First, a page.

This week’s announcement of a third quantitative easing program goes beyond anything the Fed has done in the past. It is open-ended, extremely positive for equities and will continue even after the economy begins to pick up its pace. The bears are dead.
This is a game changer, in my opinion, so hold on to your hats because the markets are definitely going higher. The only question is how high?
I won’t bore you by regurgitating all the moves the Fed has made, but I will give you the bottom line. Interest rates on the short end will stay low through 2015. The Fed is going to target the mortgage market (read housing sector) by buying up all the mortgage-backed securities they can find. That should both drop lending rates further and also spur the banks to start lending money to Americans who have not been able to obtain mortgages or refinancing.
These latest moves by the Federal Reserve Bank are actions I have been advocating since writing my column “What the markets missed” on September 22, 2011. It actually goes further by putting everyone—the markets, the politicians, the corporations and small businesses—on notice. Fed support will be on-going. Why is that important?
Because up until yesterday, the Fed’s wait and see attitude toward additional stimulus created a great deal of uncertainty within the markets and the business world. It also created what I call a “start and stop economy.” In such a business climate, both Fortune 500 corporations and small businesses cannot plan, cannot hire, and will not invest.
The Fed is not only removing any uncertainty that this might have been their last QE move, but goes a lot further by putting everyone on notice that they are committed to stimulate for as long as it takes–even after the economy starts to grow again.
Remember readers that no matter how much support the Fed is willing to contribute they can’t solve the unemployment problem alone. Once again, Chairman Ben Bernanke reiterated that without fiscal policy, the unemployment situation is not going to improve very much.
So bear with me as I fantasize about the near future. In my opinion, Ben Bernanke just handed the presidency to his boss, Barack Obama. In exchange, so this story goes, the newly re-elected President Obama will forego partisan politics, work with the opposition in both the House and Senate and implement a full employment policy through fiscal stimulus.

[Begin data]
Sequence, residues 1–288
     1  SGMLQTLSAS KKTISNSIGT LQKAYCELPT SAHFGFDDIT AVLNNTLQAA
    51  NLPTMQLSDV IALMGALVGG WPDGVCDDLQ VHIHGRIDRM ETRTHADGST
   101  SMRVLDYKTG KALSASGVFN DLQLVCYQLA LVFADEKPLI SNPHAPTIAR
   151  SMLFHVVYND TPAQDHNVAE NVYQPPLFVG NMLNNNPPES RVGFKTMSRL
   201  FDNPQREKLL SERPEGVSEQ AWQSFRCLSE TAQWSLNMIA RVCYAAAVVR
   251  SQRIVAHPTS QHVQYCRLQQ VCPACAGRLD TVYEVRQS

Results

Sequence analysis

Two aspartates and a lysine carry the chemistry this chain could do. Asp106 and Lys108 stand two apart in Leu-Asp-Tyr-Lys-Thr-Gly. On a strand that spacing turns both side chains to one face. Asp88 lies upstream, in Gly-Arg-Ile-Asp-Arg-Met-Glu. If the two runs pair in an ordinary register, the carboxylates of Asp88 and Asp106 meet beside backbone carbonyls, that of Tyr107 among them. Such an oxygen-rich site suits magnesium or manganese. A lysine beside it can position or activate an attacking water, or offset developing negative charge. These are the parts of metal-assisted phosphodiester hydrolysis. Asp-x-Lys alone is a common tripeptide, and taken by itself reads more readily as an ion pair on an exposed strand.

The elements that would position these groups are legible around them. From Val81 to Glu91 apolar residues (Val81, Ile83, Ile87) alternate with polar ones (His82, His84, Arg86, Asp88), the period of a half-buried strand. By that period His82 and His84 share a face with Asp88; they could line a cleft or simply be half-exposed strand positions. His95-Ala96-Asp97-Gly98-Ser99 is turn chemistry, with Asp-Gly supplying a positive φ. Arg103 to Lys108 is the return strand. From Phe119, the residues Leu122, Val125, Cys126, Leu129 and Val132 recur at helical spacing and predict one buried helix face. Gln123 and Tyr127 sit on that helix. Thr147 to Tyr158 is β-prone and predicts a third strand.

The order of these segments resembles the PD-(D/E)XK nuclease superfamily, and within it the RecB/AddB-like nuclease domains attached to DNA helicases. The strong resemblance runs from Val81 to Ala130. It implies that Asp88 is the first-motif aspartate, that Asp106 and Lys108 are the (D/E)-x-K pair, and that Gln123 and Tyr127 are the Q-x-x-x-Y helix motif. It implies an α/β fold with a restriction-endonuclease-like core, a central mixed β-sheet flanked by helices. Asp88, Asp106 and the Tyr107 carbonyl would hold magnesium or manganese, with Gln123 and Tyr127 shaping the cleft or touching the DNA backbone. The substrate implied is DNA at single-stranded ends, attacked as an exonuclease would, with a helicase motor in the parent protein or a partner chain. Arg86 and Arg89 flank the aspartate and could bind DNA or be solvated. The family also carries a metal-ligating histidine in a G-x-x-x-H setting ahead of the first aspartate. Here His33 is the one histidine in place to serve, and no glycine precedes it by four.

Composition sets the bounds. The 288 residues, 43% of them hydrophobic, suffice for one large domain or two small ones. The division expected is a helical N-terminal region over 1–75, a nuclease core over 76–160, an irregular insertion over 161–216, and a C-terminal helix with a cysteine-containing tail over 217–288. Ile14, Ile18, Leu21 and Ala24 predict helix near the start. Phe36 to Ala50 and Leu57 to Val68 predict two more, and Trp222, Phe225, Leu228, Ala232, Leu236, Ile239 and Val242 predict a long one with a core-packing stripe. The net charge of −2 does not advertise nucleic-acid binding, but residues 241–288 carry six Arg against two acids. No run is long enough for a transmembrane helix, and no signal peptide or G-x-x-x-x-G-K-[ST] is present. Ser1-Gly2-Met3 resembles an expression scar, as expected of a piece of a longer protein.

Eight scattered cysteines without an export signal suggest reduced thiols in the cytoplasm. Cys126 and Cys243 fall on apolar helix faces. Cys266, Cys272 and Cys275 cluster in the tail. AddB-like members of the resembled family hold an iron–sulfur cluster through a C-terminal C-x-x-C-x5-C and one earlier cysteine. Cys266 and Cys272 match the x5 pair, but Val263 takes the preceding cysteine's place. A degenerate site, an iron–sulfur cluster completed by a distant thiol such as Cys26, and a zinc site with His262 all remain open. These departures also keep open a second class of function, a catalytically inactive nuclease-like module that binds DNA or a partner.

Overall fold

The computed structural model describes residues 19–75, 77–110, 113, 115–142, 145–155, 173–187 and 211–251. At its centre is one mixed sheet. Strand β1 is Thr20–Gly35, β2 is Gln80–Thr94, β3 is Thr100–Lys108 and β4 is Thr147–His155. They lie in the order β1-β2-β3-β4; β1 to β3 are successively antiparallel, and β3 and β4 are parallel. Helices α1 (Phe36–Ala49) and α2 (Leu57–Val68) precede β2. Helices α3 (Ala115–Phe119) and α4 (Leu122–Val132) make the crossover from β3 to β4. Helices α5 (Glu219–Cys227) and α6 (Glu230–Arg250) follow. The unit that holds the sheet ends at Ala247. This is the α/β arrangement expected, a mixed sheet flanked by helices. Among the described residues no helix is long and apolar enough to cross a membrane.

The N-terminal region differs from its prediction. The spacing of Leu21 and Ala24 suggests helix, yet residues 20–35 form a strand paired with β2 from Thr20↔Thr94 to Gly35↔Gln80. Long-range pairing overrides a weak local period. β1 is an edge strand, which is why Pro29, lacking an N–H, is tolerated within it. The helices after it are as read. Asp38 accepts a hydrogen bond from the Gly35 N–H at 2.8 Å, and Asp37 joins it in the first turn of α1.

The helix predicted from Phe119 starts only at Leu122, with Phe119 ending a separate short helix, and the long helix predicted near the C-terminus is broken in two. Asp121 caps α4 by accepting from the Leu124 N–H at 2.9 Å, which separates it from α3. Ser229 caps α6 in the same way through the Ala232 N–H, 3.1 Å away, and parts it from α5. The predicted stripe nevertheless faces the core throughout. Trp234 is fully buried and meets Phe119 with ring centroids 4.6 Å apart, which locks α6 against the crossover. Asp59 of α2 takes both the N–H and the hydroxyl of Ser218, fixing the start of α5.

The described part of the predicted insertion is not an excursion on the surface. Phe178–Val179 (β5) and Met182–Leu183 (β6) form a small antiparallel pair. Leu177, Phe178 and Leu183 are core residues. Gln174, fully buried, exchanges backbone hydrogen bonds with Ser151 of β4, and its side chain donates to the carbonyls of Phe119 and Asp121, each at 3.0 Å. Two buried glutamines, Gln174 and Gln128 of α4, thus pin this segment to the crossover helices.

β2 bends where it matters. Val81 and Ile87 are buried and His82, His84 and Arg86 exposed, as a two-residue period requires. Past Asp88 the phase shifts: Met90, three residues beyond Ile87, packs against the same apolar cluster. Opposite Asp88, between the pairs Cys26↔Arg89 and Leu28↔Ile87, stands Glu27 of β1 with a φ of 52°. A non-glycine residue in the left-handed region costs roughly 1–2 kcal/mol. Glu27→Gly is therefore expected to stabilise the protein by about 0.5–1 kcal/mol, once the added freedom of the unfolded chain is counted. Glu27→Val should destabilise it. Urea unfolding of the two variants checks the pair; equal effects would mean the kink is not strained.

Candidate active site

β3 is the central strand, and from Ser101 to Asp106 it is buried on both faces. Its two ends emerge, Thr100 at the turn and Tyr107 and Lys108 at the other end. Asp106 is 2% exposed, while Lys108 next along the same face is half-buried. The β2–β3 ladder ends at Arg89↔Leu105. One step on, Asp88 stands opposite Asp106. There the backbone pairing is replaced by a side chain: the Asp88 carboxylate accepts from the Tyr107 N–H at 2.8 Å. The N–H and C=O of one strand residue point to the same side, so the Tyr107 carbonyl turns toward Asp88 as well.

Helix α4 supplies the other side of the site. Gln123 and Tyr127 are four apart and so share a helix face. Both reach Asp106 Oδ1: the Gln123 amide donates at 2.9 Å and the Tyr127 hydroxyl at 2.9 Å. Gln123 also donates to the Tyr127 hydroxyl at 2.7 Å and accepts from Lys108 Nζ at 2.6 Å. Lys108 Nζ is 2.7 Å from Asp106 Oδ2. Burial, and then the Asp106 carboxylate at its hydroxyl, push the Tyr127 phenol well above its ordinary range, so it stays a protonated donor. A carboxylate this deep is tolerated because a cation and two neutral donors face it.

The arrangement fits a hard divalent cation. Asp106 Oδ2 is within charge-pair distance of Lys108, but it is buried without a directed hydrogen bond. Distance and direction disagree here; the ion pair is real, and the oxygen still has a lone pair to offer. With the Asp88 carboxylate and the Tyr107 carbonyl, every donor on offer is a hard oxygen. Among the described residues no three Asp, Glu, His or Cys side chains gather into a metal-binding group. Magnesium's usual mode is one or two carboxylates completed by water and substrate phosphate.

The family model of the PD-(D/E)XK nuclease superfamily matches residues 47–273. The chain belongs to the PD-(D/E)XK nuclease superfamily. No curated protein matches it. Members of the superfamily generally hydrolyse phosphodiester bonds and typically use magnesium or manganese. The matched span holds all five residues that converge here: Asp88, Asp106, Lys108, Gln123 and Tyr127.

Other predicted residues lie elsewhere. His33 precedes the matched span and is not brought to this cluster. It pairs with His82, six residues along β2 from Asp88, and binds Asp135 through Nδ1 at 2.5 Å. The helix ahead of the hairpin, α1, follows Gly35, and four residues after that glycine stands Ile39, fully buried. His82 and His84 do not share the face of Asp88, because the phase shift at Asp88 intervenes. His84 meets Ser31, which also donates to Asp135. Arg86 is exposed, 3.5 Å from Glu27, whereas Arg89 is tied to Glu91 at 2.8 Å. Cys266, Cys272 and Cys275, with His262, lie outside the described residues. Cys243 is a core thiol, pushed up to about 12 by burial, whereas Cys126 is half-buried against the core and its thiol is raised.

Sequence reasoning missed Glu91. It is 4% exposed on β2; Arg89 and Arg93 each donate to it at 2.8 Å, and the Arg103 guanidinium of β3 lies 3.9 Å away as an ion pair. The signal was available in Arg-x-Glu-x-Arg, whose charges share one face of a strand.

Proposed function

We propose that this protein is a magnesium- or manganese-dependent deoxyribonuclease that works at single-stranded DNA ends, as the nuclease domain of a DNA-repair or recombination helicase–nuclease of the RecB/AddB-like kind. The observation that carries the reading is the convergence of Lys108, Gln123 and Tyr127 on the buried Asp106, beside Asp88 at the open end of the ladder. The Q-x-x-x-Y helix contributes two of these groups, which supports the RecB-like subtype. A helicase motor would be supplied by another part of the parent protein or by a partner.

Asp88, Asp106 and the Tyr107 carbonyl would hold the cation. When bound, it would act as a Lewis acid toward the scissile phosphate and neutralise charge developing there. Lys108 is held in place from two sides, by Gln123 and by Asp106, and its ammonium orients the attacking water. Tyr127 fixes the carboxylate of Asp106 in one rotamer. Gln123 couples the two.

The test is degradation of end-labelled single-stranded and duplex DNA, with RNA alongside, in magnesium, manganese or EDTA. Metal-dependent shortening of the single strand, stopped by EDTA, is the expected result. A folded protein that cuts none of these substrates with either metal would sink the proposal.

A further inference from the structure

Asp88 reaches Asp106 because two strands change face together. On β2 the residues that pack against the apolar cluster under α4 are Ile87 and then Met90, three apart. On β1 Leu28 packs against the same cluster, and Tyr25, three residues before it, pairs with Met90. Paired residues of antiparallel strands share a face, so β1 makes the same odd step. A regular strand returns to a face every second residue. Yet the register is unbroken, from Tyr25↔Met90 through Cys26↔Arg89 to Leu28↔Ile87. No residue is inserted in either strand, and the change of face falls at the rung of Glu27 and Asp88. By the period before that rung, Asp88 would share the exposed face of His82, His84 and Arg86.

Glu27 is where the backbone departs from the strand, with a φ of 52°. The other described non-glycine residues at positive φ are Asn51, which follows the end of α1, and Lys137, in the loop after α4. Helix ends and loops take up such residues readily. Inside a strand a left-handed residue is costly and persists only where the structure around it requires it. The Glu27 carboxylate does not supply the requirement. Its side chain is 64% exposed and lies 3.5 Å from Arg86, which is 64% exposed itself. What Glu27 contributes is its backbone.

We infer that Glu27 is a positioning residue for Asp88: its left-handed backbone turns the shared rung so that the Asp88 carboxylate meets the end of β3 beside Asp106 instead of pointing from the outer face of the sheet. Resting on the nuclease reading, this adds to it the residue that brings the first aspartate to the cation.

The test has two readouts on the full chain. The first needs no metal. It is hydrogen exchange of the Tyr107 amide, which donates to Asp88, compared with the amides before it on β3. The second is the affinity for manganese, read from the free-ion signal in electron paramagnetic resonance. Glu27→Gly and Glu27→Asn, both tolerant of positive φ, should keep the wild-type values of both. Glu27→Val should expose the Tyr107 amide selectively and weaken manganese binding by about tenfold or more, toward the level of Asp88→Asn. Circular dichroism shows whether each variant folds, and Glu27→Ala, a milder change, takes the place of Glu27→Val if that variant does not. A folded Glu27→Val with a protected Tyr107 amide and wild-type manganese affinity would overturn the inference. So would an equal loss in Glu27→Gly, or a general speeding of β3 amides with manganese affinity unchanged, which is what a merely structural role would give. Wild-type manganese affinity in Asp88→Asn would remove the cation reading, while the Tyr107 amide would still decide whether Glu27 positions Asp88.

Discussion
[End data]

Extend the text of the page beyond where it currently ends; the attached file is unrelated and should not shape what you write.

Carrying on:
But what specific policies are the Republicans and Democrats going to implement in order to reduce unemployment? Both sides keep jawboning about “Getting America back to work” but exactly how are they going to accomplish that? How, for example, is cutting spending and raising taxes either directly (taxing the rich) or indirectly (cutting services to the middle class and poor) going to increase job growth? Readers/voters should demand those answers now—before voting for one politician or the other.
But back to the markets, with “risk on” once again, dividend and income funds should take a back seat to more aggressive areas. That doesn’t mean dividend stocks won’t still go up. They will, but just not as fast. Other more defensive areas such as utilities, consumer and durable goods, healthcare and such will also see less price appreciation than some other sectors. For those who still hold long-dated U.S. Treasury Bonds, get out of them right now. The Fed is no longer supporting that market and as the economy strengthens the prices of these bonds are going to plummet.
Some areas in the stock market that have lagged the overall markets could do quite well between now and November elections. The materials sector seems ripe for a rebound as do the financials and industrial sectors. Emerging markets, which are also top heavy in commodities, could catch up fairly quickly.
I am not sure how high the markets will go before succumbing to a bout of profit taking but, given the background of central bank stimulus, I remain a buyer of pull-backs, which has been my advice since early June. It was a great summer and it could be an even better fall.